I went into the theater to watch the latest Akshay Kumar movie Selfiee, and there were only 5 people with me watching this film. What made it a bit awkward was that the makers of the movie Selfiee had attached one footage at the beginning of the movie where Akshay Kumar thanked everyone for taking a ticket for Selfiee. Well, I would have definitely loved that Thank You in the form of a better film. Selfiee is the least nuanced and loud version of its original, Driving License.
Vijay Kumar is a famous movie star with a great track record. Om Prakash Aggarwal is an RTO in Bhopal who is also a big fan of Vijay. As part of the shoot of his current movie, Vijay was in Bhopal, and the crew wanted his driving license to shoot the climax fight of the movie. Since Vijay’s driving license was missing, it gave Om Prakash a chance to meet his idol. But things didn’t go how Aggarwal wanted them to. And it all ended up in a scenario where Aggarwal got humiliated by Kumar in front of his son. How that incident changes everything for the star and his fan is what we see in Selfiee.
Other than some minor yet contemporary tweaks from the original, Selfiee is pretty much a scene-by-scene remake of the original. The only thing is that they have tried to overdo everything by including loud humor and cheesy dialogue in many areas. The original, scripted by Sachy, was more about ego, and you somewhere feel bad for the RTO character. But the tonality of Selfiee is more towards making it a tale about a mass-euphoric rivalry.
In the original, when both of them talk about how self-respect made them do a lot of stuff, you somewhere look at them as humans with fragile egos. Here, because of the loud characterization, you won’t feel like rooting for them. Raj Mehta has this style of presenting movies in a lavish style. And to an extent, Selfiee benefits from that filmmaking grammar. But the quest for grandeur in every frame takes out the life from the story. Looking at the film’s very staged and evenly lit frames, it was a bit difficult to process that it was done by Rajeev Ravi. Well, it can be taken as a testament to his flexibility.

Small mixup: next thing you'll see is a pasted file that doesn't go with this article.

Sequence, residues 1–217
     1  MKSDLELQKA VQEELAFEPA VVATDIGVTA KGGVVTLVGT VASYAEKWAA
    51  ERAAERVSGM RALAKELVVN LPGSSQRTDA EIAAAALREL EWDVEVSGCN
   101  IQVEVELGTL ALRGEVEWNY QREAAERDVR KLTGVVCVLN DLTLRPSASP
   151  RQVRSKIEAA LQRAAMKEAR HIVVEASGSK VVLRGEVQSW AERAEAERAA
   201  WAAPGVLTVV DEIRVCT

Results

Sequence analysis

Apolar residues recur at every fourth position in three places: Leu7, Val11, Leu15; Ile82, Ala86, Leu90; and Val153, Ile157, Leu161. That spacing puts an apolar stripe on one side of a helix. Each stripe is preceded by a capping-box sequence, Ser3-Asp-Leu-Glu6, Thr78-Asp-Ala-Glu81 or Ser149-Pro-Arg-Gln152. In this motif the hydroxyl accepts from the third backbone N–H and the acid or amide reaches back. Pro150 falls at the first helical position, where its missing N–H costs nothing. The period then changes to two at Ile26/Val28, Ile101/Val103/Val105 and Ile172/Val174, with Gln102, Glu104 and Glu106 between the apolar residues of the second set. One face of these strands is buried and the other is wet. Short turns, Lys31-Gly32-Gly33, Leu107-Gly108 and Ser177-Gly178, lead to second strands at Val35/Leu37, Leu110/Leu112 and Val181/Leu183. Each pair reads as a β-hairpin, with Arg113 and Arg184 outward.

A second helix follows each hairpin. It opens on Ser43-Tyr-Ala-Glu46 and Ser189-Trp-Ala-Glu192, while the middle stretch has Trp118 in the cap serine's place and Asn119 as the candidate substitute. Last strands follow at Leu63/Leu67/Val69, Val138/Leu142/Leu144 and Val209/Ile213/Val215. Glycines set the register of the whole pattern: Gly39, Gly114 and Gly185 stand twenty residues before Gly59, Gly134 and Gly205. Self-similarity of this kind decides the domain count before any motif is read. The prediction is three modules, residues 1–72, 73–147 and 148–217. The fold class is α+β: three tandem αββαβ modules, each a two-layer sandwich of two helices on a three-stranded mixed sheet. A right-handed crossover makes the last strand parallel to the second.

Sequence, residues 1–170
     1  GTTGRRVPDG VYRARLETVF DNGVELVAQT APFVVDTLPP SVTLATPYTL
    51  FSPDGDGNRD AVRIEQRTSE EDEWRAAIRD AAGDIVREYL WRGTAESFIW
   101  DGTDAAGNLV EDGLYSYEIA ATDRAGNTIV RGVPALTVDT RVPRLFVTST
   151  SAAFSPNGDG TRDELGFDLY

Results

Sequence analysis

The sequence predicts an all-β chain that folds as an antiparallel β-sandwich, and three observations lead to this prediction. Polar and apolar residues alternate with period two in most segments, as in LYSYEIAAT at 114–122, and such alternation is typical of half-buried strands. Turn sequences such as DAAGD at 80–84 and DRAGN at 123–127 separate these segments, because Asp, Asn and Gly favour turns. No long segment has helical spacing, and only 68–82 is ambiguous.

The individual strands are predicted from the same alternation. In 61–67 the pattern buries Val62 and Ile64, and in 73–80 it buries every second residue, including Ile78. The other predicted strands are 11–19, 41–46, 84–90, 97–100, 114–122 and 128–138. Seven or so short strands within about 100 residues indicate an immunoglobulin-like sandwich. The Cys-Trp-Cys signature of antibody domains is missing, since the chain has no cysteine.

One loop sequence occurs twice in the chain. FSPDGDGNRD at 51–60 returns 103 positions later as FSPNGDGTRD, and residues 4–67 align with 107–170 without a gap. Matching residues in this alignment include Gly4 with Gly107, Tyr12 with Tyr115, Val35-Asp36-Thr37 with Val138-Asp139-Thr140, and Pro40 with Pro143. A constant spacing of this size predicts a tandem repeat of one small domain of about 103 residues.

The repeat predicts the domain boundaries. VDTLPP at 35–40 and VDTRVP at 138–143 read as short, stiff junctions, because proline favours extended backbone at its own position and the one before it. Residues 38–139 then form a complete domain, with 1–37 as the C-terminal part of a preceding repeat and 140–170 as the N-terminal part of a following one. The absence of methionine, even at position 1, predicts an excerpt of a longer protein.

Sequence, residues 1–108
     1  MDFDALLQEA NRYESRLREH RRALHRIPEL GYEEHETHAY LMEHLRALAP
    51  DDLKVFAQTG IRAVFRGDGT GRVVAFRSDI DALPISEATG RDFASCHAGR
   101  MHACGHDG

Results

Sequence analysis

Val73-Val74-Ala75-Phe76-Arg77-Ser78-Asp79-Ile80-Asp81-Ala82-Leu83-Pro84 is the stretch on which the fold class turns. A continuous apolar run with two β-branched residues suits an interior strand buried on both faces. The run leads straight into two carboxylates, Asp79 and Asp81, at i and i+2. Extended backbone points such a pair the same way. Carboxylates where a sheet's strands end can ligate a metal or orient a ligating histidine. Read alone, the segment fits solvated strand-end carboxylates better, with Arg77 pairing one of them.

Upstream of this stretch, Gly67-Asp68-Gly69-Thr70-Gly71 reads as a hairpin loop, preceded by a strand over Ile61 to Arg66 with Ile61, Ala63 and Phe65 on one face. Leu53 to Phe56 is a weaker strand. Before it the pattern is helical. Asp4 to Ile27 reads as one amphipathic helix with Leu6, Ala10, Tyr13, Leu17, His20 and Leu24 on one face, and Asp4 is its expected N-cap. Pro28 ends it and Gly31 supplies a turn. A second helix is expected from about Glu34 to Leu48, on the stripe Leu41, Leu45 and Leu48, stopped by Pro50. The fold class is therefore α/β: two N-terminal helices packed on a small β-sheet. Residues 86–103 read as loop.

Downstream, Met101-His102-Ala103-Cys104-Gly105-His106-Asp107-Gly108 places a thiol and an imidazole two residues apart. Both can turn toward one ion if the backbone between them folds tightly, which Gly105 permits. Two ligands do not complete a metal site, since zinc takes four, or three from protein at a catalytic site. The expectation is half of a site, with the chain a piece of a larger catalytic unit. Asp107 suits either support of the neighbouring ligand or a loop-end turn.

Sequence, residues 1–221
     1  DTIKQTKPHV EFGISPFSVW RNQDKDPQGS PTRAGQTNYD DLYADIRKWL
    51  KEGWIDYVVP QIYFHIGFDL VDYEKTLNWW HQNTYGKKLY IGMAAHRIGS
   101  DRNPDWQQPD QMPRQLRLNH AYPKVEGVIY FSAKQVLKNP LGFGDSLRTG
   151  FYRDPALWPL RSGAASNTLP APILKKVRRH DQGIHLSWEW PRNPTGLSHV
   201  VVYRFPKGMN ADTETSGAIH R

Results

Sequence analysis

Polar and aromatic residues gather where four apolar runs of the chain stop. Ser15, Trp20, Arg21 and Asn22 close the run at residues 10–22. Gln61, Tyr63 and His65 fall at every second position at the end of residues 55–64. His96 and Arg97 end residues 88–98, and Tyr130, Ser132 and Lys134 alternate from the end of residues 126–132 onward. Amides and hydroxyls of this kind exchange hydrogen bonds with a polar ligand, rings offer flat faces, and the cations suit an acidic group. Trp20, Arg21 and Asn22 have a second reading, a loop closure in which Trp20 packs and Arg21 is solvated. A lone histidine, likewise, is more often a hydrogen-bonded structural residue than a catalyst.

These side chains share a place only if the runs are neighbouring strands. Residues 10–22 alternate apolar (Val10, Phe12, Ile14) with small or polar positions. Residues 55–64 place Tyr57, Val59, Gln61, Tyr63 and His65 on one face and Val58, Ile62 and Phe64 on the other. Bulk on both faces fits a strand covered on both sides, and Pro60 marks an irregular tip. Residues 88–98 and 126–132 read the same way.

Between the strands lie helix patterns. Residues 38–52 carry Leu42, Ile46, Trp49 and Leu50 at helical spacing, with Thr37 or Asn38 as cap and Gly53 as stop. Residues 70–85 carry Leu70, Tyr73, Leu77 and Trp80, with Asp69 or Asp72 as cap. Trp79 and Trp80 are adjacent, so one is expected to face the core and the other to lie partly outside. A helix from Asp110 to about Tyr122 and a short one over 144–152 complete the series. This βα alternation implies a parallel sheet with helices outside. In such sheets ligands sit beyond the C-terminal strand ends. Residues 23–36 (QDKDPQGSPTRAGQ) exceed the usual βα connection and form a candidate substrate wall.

For Akshay Kumar, the movie is almost like playing himself on screen. From mentioning his 30-year-old movie career to talking about his gum-exposing smile, the film aspires to give him some public validation. Since he is playing a movie star facing a lot of public outrage, the performance looks all the more natural. The lines between Akshay Kumar and Vijay Kumar are very blurry. The challenging character here is played by Emraan Hashmi, and he wasn’t that consistent in being that grounded fanboy who was doing it all for self-respect. I went back to Driving License before writing this review. That climax car scene felt a lot more heartening, mostly because of the earnest performance of Suraj Venjaramood. Diana Penty, Nushrratt Bharuccha, Abhimanyu Singh, Mahesh Thakur, and Meghna Malik are the other names in the cast.
If you haven’t seen the original, I won’t discourage you from watching this movie as the story part is far better than many recent Akshay Kumar entertainers. But in comparison to the original, which itself wasn’t a perfect film, Akshay Kumar’s version is struggling to crack the emotional core. In the original, Suresh Krishna’s character is an actor who is going through a slump phase. But here, Suraj Diwan, played by the talented Abhimanyu Singh, is playing a failed Bollywood actor who is cracking a dried fruit with his butt hole for a gymnasium advertisement. The questions asked in the VVIP Learner’s Test differ from the original. So if you have plans to increase your textbook knowledge on driving, you can give this movie a shot.
In comparison to the original, which itself wasn't a perfect film, Akshay Kumar's version is struggling to crack the emotional core.
Green: Recommended Content
Orange: The In-Between Ones
Red: Not Recommended